Dubai’s S.S. Lootah Group has paired up with AlgaOil Ltd. to develop algal biofuels.
According to the deal, Philippines-based AlgaOil will develop ponds for large-scale algae production. The algae will subsequently be converted into biofuel for use by Lootah.
Once initial set-up is complete, algae oil mass production should begin after six to 18 months.
From Construction Week Online:
“In line with UAE’s vision for sustainable development, this project aims at developing alternate ways of extracting new raw material for biofuels,” said [CEO Yousif Bin Saeed Al] Lootah.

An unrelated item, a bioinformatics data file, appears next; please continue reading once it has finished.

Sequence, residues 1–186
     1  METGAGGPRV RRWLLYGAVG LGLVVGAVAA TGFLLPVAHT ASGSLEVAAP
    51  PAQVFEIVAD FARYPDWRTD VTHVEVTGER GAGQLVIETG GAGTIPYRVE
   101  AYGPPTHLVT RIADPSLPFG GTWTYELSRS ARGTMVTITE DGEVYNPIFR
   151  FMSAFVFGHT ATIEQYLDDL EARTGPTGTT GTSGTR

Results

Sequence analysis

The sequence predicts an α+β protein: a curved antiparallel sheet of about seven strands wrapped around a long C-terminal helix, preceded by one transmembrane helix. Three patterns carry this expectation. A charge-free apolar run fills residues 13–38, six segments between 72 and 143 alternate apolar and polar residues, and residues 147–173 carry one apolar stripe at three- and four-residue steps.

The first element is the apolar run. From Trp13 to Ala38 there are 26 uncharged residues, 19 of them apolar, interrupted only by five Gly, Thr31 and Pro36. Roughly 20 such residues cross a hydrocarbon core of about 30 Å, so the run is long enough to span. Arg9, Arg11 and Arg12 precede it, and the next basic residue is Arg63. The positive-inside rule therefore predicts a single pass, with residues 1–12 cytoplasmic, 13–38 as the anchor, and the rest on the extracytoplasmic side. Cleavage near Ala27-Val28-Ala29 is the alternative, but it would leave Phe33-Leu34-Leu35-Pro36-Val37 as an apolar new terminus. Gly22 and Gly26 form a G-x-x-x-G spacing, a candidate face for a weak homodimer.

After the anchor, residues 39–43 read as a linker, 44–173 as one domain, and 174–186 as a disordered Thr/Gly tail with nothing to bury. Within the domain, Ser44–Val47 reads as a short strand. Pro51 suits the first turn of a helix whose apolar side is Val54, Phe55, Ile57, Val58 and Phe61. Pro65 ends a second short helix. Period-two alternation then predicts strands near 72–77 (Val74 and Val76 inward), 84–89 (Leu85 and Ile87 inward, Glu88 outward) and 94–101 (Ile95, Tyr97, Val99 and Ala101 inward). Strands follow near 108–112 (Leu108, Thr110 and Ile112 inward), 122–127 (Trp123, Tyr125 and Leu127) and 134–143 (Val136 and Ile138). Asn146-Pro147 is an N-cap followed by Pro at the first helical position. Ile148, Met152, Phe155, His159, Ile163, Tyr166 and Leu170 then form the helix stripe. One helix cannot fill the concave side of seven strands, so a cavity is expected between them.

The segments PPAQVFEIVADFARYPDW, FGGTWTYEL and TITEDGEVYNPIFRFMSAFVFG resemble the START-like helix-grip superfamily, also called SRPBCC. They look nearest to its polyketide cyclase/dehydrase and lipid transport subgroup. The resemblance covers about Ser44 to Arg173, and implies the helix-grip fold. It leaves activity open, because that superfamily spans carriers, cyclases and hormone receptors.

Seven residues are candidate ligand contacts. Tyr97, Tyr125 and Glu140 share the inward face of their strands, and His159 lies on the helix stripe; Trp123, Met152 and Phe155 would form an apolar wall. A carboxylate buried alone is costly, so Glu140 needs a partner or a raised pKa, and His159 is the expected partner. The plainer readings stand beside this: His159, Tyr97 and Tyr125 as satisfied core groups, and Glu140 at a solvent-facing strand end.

“We believe that algae can be a good replacement for vegetable oil-based biofuel. We are in no doubt that this partnership will take biofuel production in the region to the next level.”
Biofuels have different levels. Those from sugars or vegetable oils in arable crops are known as first-generation biofuels. Those sourced from woody plant material are second-generation, and algal biofuels are third-generation.
There is intense interest in this last kind, as they are highly versatile. Algae can be grown in waste water, does not occupy lots of land, and does not need fresh water. Plus, they generate more oil per hectare.
AlgaOil claims algae can achieve 100 barrels of oil per hectare, compared to palm oil’s 32 barrels per hectare. Soy and corn fare much worse; soy beans generate just 2.5 barrels, and corn 0.9.